Coast Guard Nabs Drug Sub No. 30
Two US vessels and the Honduran Navy run down yet another "self-propelled semi-submersible" in the Caribbean—but the smugglers sink their cargo.
The Coast Guard announced yesterday that two of its cutter ships intercepted another “drug sub”—the 30th in six years—in the Western Caribbean on March 30, with help from the Honduran Navy. The news was kept quiet until the four suspects taken from the sub could be brought to Miami to be charged. Neither the “self-propelled semi-submersible” (SPSS) nor its cargo were recovered. According to a Coast Guard press release, “During the interdiction, the drug sub sank in thousands of feet of water, an act that is common as drug traffickers design their vessels to be difficult to spot and rapidly sink when they detect law enforcement.”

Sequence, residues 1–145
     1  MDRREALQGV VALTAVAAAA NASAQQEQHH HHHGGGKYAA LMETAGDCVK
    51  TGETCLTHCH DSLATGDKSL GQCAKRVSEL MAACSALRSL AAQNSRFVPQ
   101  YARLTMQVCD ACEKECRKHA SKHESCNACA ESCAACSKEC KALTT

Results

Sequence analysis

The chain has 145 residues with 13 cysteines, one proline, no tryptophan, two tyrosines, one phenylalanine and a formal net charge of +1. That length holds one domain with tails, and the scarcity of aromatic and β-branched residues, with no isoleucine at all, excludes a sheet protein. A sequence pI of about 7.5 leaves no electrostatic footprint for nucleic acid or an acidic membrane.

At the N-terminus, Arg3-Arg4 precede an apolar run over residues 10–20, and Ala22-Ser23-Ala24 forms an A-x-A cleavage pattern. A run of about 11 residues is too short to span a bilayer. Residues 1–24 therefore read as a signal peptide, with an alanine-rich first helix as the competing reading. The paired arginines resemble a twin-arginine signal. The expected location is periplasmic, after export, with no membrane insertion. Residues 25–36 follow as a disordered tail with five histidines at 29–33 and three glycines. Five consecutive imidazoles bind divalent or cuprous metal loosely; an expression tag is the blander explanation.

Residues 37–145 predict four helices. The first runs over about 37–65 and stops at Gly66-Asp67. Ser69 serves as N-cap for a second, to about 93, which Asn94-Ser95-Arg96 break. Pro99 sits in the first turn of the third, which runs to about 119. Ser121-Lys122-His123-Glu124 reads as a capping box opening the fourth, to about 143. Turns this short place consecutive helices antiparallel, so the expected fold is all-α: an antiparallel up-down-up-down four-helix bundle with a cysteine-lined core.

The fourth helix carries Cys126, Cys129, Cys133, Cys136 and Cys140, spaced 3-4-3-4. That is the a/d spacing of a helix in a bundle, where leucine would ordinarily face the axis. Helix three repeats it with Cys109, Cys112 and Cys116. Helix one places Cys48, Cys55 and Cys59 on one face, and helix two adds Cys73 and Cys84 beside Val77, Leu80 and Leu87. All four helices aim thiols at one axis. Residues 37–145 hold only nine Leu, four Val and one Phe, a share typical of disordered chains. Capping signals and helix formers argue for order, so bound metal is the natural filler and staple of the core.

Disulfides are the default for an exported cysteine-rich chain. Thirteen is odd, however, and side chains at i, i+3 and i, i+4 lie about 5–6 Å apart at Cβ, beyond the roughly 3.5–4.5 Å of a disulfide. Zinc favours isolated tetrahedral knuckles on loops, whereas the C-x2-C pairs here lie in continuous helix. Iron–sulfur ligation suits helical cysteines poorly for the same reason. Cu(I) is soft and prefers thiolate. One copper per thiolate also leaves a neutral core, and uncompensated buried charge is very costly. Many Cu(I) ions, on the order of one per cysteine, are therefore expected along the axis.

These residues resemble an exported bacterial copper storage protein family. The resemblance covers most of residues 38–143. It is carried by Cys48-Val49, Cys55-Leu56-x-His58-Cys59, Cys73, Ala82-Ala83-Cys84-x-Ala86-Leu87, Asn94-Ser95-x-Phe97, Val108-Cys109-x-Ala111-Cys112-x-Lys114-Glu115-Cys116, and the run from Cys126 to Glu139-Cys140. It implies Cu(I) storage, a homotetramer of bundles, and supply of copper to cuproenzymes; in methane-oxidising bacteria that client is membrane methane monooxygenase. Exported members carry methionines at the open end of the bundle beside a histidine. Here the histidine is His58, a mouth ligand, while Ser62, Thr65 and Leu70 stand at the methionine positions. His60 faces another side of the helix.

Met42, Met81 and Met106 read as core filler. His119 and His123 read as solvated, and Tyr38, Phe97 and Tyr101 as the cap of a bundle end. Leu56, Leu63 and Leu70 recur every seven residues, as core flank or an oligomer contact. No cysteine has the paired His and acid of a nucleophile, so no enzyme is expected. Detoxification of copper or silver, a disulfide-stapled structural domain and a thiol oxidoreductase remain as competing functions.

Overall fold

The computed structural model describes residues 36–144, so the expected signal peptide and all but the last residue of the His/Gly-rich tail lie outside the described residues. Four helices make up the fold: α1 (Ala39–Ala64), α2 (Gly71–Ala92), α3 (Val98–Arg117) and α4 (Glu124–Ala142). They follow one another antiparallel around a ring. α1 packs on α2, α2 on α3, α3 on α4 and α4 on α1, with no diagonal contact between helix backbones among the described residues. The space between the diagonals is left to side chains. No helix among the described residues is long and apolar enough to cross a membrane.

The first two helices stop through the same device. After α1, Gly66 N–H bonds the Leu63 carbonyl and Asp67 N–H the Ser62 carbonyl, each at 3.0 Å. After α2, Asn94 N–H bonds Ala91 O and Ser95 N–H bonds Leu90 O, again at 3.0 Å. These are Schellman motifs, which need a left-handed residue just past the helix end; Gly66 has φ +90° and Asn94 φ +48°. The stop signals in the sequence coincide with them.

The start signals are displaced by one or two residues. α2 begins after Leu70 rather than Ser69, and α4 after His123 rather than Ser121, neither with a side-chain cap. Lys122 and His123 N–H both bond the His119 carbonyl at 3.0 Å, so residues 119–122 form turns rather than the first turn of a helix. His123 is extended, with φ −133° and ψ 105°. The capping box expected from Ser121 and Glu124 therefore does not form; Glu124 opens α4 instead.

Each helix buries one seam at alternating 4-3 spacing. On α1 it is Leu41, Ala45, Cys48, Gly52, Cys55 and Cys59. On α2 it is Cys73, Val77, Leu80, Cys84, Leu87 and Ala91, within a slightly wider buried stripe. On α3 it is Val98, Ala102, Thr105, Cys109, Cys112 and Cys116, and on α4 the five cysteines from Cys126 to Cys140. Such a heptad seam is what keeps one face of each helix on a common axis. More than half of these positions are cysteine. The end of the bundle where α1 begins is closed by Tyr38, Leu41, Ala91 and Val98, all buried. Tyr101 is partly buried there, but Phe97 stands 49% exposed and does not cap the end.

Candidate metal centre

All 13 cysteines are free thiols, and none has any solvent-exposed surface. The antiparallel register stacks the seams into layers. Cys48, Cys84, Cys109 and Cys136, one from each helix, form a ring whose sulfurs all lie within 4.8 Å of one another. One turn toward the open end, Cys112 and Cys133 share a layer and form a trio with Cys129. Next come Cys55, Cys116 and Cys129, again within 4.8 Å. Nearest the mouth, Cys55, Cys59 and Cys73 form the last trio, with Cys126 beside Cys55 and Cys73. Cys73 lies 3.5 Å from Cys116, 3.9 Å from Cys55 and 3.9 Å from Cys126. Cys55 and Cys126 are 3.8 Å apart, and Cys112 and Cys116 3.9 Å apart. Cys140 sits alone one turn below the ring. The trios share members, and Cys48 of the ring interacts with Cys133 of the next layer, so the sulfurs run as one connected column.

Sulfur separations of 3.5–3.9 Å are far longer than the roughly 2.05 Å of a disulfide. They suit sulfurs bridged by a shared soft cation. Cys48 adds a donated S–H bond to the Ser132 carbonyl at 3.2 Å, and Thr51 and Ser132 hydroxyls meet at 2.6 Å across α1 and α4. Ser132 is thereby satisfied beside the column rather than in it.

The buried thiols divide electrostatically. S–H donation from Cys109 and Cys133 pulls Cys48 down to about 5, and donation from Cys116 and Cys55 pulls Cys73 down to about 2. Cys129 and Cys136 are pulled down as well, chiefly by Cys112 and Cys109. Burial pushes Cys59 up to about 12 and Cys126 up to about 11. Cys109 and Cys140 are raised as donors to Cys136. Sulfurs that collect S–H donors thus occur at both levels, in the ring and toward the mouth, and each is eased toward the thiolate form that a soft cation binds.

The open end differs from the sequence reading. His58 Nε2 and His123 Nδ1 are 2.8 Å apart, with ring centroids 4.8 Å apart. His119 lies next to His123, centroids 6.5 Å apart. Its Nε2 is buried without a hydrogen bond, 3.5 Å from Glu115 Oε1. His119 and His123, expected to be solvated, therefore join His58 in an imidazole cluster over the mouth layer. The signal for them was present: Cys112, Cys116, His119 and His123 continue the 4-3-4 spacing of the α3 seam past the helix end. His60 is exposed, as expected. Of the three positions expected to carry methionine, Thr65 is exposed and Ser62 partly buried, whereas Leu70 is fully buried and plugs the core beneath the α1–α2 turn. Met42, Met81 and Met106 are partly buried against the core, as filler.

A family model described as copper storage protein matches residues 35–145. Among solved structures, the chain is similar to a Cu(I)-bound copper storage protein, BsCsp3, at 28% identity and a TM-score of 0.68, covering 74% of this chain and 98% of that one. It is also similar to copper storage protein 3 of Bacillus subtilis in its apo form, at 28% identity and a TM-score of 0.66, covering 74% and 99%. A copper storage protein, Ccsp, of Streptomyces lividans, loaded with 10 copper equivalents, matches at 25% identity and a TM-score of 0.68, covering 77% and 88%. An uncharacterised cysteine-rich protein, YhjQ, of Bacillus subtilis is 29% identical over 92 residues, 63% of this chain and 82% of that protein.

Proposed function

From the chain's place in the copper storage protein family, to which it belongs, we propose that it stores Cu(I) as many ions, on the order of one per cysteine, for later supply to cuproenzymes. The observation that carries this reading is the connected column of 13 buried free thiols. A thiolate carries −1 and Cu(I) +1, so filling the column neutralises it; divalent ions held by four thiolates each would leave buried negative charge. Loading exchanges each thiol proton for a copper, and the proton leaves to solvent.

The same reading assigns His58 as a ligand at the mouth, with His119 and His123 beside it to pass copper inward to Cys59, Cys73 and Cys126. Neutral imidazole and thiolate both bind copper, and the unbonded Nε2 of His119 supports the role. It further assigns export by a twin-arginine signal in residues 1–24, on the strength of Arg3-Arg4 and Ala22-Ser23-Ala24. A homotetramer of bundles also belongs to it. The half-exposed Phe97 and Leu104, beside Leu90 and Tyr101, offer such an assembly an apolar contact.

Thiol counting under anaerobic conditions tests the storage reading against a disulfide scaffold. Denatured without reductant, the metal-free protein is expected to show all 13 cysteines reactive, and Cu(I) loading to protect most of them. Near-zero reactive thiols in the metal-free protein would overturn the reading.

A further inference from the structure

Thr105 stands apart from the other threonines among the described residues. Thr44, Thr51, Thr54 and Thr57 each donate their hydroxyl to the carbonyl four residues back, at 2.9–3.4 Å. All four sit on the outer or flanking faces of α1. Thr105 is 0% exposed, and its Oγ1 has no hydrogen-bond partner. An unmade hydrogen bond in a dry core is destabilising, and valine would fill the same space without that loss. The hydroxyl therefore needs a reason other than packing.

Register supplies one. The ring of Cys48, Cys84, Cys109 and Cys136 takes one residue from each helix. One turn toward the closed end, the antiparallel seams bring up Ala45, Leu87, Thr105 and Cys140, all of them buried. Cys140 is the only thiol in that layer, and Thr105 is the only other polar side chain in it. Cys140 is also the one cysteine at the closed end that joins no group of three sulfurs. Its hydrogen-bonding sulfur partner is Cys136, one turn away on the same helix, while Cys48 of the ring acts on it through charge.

Drug subs first started popping up in the Eastern Pacific in 2006; of the 30 such crafts intercepted by the Coast Guard since then, 25 were spotted in the Pacific, and five in the Caribbean. Built in the jungles of South America, the typical SPSS is about 100 feet long, accommodates a crew of four to five, and has a capacity of up to 10 metric tons and a range of up to 5,000 miles. Retired Army General Barry McCaffrey, the former U.S. drug czar, told the Miami Herald that when he first heard of drug subs, he thought it was “the silliest thing I ever heard of in my life.” But now, with the first four crafts captured in the Caribbean having yielded nearly $700 million in cocaine (these subs were scuttled in shallow water, allowing divers to recover the cargo), it has become clear to McCaffery that drug subs have “turned into another way to do multi-load tons with a fairly low chance of being detected,” given that they do not show up on radar. He added, “The submersible has clearly turned into a preferred delivery system.”